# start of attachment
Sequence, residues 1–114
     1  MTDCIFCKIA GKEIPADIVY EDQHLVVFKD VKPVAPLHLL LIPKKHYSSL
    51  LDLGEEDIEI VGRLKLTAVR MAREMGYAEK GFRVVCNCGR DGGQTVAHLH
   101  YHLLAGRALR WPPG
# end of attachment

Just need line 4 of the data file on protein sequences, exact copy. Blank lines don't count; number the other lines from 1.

   101  YHLLAGRALR WPPG